“If you spend more than 13 minutes analysing economic and market forecasts, you’ve wasted 10 minutes”.
This is a quote from Peter Lynch, the Fund manager of Fidelity’s Magellan fund. During his tenure, the fund had an annualised return of 30% over a 13-year period. While this quote carries a hint of hyperbole, its message is clear: spending too much time on economic and market forecasting is not a good use of one’s time. There is however only one scenario when looking at certain economic metrics can be useful – when the metrics look abnormal and most importantly, linking this abnormality back to the fundamentals of a business.
What do we mean by abnormal? This is when a metric is at historical highs or lows. Over the last 5 years, we have seen three examples of this – the oil price near all-time highs above $100 a barrel, oil selling at lows of about $30 a barrel and interest rates in most developed countries currently at all-time lows.
At the time crude oil was trading above $100 in 2014, analysts and commentators were extrapolating prices from the recent past into the future. When Crude oil was trading at all time lows of $30 a barrel, analysts were predicting that prices will fall as low as $10 a barrel. Of course no one actually knows where oil prices will be in the future. This is not because of a lack of effort or intelligence from the analysts but simply that prices are affected by a multitude of variables that interact in complex ways making prediction impossible.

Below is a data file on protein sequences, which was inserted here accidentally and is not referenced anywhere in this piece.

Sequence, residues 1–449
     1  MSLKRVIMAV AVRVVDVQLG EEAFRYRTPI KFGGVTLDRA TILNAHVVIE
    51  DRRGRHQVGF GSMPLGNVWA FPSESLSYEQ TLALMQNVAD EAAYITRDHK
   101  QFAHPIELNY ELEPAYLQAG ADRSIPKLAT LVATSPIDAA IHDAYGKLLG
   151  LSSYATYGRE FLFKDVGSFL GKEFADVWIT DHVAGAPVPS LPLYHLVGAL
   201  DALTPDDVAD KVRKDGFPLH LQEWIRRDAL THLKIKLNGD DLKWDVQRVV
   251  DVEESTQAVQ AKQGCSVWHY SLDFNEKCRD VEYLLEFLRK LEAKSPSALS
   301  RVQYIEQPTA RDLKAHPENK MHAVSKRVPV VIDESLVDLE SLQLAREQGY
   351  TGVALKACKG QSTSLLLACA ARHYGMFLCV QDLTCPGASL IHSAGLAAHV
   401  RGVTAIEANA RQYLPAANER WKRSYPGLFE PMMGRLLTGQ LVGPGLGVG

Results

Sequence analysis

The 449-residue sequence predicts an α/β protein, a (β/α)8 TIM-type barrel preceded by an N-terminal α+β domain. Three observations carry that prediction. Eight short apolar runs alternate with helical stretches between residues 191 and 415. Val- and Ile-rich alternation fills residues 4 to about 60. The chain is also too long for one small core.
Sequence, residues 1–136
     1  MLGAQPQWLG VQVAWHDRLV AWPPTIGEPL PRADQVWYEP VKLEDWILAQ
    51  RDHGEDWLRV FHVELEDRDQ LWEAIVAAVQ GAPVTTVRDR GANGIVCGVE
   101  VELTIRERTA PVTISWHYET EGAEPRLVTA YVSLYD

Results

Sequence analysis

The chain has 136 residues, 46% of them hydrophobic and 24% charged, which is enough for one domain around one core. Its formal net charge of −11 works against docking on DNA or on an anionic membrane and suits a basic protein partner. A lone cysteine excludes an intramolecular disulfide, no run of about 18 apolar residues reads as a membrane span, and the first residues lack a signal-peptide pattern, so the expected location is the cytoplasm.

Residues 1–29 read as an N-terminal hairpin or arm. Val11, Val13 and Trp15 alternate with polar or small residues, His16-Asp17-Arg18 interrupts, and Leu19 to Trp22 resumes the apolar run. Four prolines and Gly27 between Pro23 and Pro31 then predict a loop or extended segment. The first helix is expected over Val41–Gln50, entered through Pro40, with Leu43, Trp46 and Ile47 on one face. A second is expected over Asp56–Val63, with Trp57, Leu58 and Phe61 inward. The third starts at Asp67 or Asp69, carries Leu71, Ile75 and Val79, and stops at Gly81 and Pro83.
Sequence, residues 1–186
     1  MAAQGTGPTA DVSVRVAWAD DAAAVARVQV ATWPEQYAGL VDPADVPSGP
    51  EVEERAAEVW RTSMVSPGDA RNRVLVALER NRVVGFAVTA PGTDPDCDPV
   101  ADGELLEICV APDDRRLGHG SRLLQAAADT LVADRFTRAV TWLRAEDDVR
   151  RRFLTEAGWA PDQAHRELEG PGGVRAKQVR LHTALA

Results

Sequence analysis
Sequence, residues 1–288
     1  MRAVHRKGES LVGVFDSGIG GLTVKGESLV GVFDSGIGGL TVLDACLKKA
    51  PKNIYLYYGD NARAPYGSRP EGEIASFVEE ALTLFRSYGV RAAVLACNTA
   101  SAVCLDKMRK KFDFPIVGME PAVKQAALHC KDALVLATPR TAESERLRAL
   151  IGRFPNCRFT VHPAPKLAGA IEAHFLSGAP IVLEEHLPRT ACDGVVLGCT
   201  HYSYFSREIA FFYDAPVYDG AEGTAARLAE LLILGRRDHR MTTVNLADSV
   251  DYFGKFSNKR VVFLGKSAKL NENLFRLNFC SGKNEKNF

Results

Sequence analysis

An alternative to making precise predictions is simply to assume that prices will revert to normal levels. For example, if crude oil is at $30 a barrel, the earnings of oil companies will be low so the price to earnings multiple will be artificially high and the stock will look expensive. With oil at $100 a barrel, airlines will have higher costs and report lower profits so again, the price to earnings multiple will look artificially high. In both of these examples, it is important to assume that oil prices will revert to normal historical levels in order to understand how cheap or expensive a sector of the economy truly is.
Using normalised earnings is important when researching cyclical industries whose performance depends on an externality that cannot be accurately forecast. How have we used this practically at Tacit? Our current aversion to highly indebted companies is a good example. With years of record low interest rates, corporate debt to GDP levels in the developed world have increased dramatically, however default rates remain artificially low. Many of these companies are being kept afloat by low interest rates. However, if interest rates are to revert to historical levels, default rates will increase dramatically.
Peter Lynch was right in his assessment of the importance of economic and market forecasts – they are largely unhelpful except for when the numbers look abnormal.